The best cheap cell phone plans: Slash your monthly bill

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AT&T, Verizon, and T-Mobile may seem like your only cell phone plan options, but they’re not. And sticking with the familiar could be costing you hundreds per year.

Alternative providers use the same networks as the big companies, offering almost identical service but with lower prices, still no contracts, and often more perks. With a mobile virtual network operator (MVNO), an unlimited plan can be had for as little as $30 per month for a single line, and $25 per line for group plans. And that includes 5G coverage.

Light cell phone users can enjoy big savings, too. Where you live doesn’t matter either—AT&T, Verizon, and T-Mobile MVNOs all exist. The only real catch is that deciding on the right alternative carrier takes a little more consideration (see below), but we’ve taken those into consideration when choosing our top picks.

In fact, not only do our selections cost little, but you can expect straightforward management of your account, accessible customer service, and little hassle if you chose to leave. A couple even toss in great perks, like free subscriptions to cloud storage or streaming services. (Or both.)

Best cheap cell phone plans with unlimited data

Cricket Wireless


Best Prices Today:



$60 at Cricket Wireless

Carrier: AT&TCost: $60/moTaxes included: YesBYOD: YesData throttling: NoneHotspot allowed: Yes (15GB)International roaming: Mexico & Canada included

The advertised price is what you’ll pay with this AT&T subsidiary. Taxes and fees are included in the cost of its premium “Unlimited + 15 GB Mobile Hotspot” plan, which offers truly unlimited talk, text, and data. Coverage includes international roaming in Mexico and Canada, and within the U.S., you also get international texting to 37 countries. 

A slew of perks come with this plan: 15GB of hotspot data, HBO Max (with ads), and 150GB of cloud storage. It also gets the same prioritization as post-paid AT&T subscribers, meaning your calls, texts, and data won’t suffer extra delays in congested areas.

Managing an account is pretty easily done via website or app, and customer service is easy to reach. It works out well despite the lack of a slick interface or fast service.

Need multiple lines? Cricket Wireless offers hefty group discounts, particularly for four or five lines. Currently, you’ll pay just $160/month for five lines for this plan, or $32 per month per line.

Metro by T-Mobile – Best T-Mobile cheap plan with unlimited data


Best Prices Today:



$40 at Metro by T-Mobile

Carrier: T-MobileCost: $40/moTaxes included: YesBYOD: YesData throttling: Possible after 35GB usageHotspot allowed: NoInternational roaming: Mexico and Canada for an additional fee

A fun perk included with T-Mobile subsidiary MetroPCS’s plans is T-Mobile Tuesdays, which provides freebies and deals on food, gas, and more. But the real benefit to MetroPCS is its all-inclusive pricing, which means taxes and fees are included in the advertised cost.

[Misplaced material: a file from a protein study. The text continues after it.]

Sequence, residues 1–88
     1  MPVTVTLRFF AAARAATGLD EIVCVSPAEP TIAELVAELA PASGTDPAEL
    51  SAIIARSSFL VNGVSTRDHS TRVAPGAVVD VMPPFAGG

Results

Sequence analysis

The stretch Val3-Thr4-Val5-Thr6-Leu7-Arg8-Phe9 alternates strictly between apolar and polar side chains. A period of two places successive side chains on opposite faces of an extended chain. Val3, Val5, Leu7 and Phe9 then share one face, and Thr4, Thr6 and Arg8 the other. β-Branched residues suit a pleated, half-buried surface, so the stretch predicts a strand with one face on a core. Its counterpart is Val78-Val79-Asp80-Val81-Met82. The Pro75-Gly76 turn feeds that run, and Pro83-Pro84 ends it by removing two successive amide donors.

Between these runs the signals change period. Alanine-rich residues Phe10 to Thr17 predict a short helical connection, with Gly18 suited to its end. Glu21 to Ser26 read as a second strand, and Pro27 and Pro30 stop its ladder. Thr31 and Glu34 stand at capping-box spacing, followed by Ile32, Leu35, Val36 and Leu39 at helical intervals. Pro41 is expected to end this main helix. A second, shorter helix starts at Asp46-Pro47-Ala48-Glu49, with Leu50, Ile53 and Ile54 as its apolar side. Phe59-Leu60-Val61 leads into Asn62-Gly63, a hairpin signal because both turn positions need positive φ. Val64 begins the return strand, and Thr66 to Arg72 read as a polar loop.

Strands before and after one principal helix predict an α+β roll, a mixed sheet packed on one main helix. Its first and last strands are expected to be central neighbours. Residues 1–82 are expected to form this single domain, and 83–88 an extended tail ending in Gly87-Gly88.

This basic $40 unlimited plan offers up to 35GB of 5G or LTE data unthrottled; afterward you may see slowdowns whenever the network’s congested. Note that this basic plan lacks hotspot use and the extras available to more expensive unlimited plans, like a Google One membership (100GB), a 1-year subscription to Vix+, and unlimited texting to over 210 locales.

T-Mobile does put MetroPCS subscribers at lower priority for call, text, and data requests, so if your area is congested, you may notice slower responses than on a post-paid plan before using 35GB of data.

Need multiple lines? Like Cricket Wireless, MetroPCS’s group discounts are sizable for four or five lines. For this plan, it’s $125/month for five lines, or $25 per month per line.

Want to save even more cash? Rival T-Mobile MVNO Tello offers a $30 unlimited plan with hotspot included, as well as free calling to over 60 countries. But its data throttling starts earlier, at 25GB, and will bump you down to a painful 64Kbps. It also doesn’t bundle in taxes and fees into its prices, so if you live in an area with high regulatory charges, the cost skirts closer to $40 per month.

US Mobile – Best Verizon cheap plan with unlimited data


Best Prices Today:



$45 at US Mobile

Carrier: VerizonCost: $45/moTaxes included: NoBYOD: YesData throttling: Possible after 100GB usageHotspot allowed: Yes (50GB)International roaming: Yes (100+ countries, possible addt’l fee)

US Mobile’s incredibly slick interface makes switching to its Unlimited Premium plan an absolute breeze. In fact, managing your account is so easy through the app and website, they’re part of what sells this service.

But the meat of this top-tier plan is still the star of the show. You get unlimited talk and text, along with 100GB of 5G data and 50GB of hotspot data before you’re subject to speed throttling. You also get free international LTE roaming in select countries, with data allotments as generous as 10GB. (Varies by country; some still require an additional fee.)

The main drawback of US Mobile is that despite its premium data plans having the same prioritization as post-paid Verizon plans, you’ll only experience that benefit on a 5G device. LTE-only phones get hit with deprioritization, and in our experience, it can cause your data to crawl—especially if the network is congested or you’ve got poor reception. You also have to pay taxes and fees separately, which can hit hard in areas with high regulatory charges.